Do editors read?

The title of this post might at first glance seem monumentally stupid. Of course editors read - it's a major part of their job, but that's not what I mean.

Let's draw a parallel for a moment. There's a show on the TV that every now and then asks movie actors what was the best film they've seen that year. And quite often, actor after actor admits they, erm, haven't really seen many movies.

What I'm wondering is, do editors curl up with a good book in the evening? Not one of their own - they've read their titles to death - but books in general, just like a 'normal' person.

The reason I ask is that I can imagine that editors might have had enough reading in their day job... and yet, surely editors need to have their fingers on the pulse of the book market, and to have read the competition and know what they're up against? It's an interesting conundrum. (Nice word, conundrum.)


  1. My answer is - not nearly as much as I should like (BTW, Amazon FINALLY delivered 'Upgrade Me', many weeks after I'd ordered it. Actually, they delivered 2 copies so I gave one to our book review editor. One lives in hope).

    In addition to Nature manuscripts and SF submissions for Nature's Futures column, I've read three (3) books for the purposes of reviewing them, but only one purely for pleasure, and that was 'The Ode Less Travelled' by Stephen Fry, which is nonfiction. The last actual novel I read was Jennifer Rohn's Experimental Heart - which I'd have read anyway, but that was also for a review. These days I only get to read books on the train, a precious time when I could be more profitably (a) working (b) sleeping.

  2. So that's one editor who doesn't - though to be fair, for those who don't know him, Henry is a journal editor, not a book editor.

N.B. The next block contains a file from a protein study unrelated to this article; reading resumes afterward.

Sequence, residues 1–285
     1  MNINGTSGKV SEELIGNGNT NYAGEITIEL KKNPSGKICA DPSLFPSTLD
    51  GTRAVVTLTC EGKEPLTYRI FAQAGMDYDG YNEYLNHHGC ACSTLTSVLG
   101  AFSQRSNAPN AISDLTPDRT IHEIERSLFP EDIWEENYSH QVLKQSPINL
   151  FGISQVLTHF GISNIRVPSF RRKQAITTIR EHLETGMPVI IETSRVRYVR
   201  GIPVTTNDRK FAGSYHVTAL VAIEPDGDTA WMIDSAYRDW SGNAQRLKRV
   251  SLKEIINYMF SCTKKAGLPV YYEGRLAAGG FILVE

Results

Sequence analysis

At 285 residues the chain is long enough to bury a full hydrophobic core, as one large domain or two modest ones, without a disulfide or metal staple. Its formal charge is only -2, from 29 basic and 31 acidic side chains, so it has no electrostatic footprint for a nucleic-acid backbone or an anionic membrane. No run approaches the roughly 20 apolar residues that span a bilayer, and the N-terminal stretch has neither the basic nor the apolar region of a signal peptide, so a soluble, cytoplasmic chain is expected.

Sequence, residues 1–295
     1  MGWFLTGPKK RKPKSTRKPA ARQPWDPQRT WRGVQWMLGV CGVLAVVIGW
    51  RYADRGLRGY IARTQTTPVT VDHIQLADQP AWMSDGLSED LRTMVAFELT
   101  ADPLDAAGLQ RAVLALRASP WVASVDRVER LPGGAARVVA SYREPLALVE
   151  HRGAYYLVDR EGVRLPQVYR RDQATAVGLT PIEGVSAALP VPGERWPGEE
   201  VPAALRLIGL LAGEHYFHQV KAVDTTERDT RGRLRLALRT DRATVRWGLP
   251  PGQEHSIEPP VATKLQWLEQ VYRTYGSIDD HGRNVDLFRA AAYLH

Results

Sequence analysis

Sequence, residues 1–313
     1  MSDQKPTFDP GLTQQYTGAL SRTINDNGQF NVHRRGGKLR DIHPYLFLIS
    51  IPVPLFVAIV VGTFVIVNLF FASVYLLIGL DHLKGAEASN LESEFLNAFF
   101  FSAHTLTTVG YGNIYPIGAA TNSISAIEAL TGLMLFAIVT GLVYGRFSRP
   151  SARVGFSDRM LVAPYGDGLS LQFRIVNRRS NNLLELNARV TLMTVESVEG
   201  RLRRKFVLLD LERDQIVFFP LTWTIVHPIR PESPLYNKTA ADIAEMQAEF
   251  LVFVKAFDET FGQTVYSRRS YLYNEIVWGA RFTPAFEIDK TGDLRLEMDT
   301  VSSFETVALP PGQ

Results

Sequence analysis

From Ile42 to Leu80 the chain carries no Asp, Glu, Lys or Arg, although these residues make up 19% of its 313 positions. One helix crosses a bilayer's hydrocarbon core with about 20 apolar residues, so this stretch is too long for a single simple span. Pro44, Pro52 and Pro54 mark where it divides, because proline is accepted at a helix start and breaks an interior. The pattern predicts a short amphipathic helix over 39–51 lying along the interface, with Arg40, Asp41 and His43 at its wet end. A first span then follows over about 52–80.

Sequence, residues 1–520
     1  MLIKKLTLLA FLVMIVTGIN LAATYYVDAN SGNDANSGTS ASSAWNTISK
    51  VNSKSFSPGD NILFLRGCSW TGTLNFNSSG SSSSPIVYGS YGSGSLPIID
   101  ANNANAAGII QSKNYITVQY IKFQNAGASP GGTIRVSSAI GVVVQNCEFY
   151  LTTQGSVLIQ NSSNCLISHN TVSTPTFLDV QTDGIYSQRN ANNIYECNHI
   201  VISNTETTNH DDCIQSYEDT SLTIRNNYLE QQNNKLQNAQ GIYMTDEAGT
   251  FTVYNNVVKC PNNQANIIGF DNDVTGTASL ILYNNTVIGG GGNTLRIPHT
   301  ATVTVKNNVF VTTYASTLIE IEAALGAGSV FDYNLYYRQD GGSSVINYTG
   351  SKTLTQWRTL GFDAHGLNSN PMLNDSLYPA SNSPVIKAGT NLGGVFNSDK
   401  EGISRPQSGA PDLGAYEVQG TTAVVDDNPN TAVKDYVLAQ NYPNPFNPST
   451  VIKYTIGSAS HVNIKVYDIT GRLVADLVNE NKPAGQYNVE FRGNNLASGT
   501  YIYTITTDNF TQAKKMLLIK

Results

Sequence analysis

What I was particularly wondering is if those who edit books get time to read books. If they don't because they haven't time/get read-out at work, will they gradually drift out of synch with the market? Should all editors have a month's reading break each year to read up what their competitors have been publishing?

  3. Your comments need not apply only to those editors that don't read. What about professional chefs who don't cook at home, accountants who dont manage their home finances, bankers who go bankrupt, cobblers who have holes in their shoes,and so on. It's simply that a professional doesn't always take the time to practice their art at home.

    Maybe there'a a bigger theme here about the meaning of employment in the context of leisure time - rather than the other way round.

  4. You're right Ian - though it's more a case of chefs who don't eat at other people's restaurants. The point I was trying to make is if the only books an editor reads are his/her books, how do they keep up with the market?


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